Tag Archives: EPA

Pete Kasperowicz | The Hill

Rep. Shelley Moore Capito and 10 other House Republicans want to prevent the EPA from conducting air surveillance of farms.

Rep. Shelley Moore Capito (R-W.Va.) and 11 other House members introduced a bill Tuesday that would prevent the Environmental Protection Agency (EPA) from conducting aerial drone surveillance of farms to enforce the Clean Water Act, or using any other overhead surveillance.

“Unemployment has been at or above 8 percent for 30 consecutive months. Is conducting flyovers of family farms across the country really the best use of taxpayer money?” Capito asked on Tuesday.

“It’s getting to the point that I’ll have to file for a Clean Water Act permit if I want to turn the hose on in my backyard,” she said. “The EPA will take any opportunity to make it harder for farmers, energy operators or any business that deals with the EPA to operate.”

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David A. Fahrenthold | Seattle Times

It turns out that the Environmental Protection Agency is not using unmanned drones like this one to spy on U.S. cattle farmers — just regular planes with people in them.

WASHINGTON — It was a blood-boiler of a story, a menacing tale of government gone too far: The Environmental Protection Agency (EPA) was spying on Midwestern farmers with the same aerial “drones” used to kill terrorists overseas.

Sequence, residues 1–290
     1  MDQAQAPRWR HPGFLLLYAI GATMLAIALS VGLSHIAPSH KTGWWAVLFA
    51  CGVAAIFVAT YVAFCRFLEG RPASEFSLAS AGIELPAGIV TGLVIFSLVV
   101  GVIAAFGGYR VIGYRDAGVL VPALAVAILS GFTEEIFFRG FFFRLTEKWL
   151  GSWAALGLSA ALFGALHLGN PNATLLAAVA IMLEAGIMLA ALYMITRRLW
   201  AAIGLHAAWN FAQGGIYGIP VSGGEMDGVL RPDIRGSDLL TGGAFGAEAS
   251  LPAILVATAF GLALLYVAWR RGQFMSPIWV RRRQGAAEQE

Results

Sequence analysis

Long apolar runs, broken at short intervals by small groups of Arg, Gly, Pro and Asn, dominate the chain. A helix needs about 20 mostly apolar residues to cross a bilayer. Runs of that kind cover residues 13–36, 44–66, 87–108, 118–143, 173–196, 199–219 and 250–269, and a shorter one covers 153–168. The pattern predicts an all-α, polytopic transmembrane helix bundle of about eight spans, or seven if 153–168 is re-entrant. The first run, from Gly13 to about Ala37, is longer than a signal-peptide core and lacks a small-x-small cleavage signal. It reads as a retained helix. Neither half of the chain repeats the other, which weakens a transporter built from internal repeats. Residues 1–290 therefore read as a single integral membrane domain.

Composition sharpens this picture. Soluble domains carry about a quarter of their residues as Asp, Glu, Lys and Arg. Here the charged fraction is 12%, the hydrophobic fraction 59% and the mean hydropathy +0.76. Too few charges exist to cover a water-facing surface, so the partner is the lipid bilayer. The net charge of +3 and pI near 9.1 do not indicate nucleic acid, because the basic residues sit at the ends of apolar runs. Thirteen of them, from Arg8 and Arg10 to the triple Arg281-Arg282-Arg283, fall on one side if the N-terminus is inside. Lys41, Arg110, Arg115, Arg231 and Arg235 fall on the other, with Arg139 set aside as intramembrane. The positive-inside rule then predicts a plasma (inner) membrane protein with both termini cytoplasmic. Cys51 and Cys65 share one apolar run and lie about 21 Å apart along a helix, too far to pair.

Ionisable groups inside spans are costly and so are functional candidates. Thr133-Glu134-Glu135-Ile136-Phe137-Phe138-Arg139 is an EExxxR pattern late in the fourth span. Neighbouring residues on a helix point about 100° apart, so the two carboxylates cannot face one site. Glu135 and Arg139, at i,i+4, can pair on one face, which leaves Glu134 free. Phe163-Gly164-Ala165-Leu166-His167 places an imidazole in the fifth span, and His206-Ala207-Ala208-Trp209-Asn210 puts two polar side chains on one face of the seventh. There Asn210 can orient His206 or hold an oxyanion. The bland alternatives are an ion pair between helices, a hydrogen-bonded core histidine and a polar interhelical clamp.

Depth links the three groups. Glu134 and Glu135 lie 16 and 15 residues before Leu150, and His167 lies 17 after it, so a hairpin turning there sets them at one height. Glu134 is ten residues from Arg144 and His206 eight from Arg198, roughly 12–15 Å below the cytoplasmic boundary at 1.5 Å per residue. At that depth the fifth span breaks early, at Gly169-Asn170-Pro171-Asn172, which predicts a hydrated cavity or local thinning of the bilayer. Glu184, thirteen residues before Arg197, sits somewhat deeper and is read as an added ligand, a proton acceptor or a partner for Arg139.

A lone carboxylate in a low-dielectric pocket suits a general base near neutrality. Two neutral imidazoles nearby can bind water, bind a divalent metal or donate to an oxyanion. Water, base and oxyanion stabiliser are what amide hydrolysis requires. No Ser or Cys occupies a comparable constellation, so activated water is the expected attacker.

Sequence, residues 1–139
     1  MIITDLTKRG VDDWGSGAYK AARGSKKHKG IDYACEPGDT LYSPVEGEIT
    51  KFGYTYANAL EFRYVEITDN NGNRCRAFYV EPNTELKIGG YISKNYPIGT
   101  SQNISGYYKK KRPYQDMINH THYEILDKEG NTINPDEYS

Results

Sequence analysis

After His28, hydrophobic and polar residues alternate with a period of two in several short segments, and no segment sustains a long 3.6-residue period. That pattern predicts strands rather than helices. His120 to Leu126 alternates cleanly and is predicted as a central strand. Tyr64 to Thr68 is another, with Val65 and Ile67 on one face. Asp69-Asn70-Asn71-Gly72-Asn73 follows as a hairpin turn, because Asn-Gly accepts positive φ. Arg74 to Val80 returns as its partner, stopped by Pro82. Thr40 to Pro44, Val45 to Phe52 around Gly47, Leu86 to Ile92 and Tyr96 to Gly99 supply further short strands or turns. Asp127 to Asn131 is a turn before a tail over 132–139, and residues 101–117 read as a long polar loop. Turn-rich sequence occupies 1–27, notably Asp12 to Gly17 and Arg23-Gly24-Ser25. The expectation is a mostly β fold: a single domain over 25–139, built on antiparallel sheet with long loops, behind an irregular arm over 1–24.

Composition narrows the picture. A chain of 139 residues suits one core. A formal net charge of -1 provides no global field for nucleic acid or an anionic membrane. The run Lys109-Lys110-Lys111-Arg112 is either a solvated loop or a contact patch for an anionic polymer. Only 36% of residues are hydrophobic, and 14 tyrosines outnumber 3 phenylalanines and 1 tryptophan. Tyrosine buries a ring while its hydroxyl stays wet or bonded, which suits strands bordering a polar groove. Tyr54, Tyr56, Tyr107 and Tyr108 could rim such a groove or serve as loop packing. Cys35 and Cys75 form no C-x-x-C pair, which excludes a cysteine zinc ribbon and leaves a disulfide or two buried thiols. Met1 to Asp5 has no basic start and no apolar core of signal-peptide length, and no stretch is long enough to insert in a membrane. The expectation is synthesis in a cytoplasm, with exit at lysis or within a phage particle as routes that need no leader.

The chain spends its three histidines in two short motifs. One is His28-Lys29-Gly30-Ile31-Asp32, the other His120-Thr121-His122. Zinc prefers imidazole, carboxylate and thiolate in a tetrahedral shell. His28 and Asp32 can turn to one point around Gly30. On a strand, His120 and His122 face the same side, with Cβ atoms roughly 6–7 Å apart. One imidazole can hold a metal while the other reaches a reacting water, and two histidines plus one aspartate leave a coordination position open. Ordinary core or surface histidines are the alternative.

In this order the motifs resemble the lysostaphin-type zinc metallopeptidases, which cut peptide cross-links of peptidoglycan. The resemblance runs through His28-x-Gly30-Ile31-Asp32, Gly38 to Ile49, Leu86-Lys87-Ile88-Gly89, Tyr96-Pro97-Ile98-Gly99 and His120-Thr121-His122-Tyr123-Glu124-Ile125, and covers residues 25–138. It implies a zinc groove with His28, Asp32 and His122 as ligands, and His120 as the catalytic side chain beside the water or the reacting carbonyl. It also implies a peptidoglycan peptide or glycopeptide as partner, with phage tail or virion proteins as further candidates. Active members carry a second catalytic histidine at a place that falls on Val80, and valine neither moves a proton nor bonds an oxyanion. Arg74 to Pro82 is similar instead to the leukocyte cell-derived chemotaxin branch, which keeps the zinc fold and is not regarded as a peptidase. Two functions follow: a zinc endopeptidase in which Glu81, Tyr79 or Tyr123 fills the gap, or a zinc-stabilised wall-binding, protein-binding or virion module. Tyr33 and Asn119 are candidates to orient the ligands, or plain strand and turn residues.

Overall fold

This month, the idea has been repeated in TV segments, on multiple blogs and by at least four members of Congress. The only trouble is, it isn’t true.

It was never true. The EPA isn’t using drone aircraft, in the Midwest or anywhere else.

The hubbub over nonexistent drones provides a look at something hard to capture in U.S. politics: the vibrant, almost viral, life cycle of a falsehood. This one seems to have been born less than three weeks ago, in tweets and blog posts that twisted the details of a real news story about EPA inspectors flying in small planes.

The falsehood spread, via conservative websites, mentions on Fox News Channel and “The Daily Show,” and the endless replication of Twitter.

In its mature stage, the idea was sustained by a digital echo chamber. Members of Congress repeated false reports — and then new reports appeared, based on the lawmakers.

“We’ve never thought that. We’ve never said that. I don’t know where it came from,” said Kristen Hassebrook, of the Nebraska Cattlemen’s group, when asked about drones buzzing cattle farms. Her group seems to have started the hubbub and watched as its complaint against the EPA was turned into something it wasn’t. “But obviously the word ‘drone’ is a very sexy word.” Read More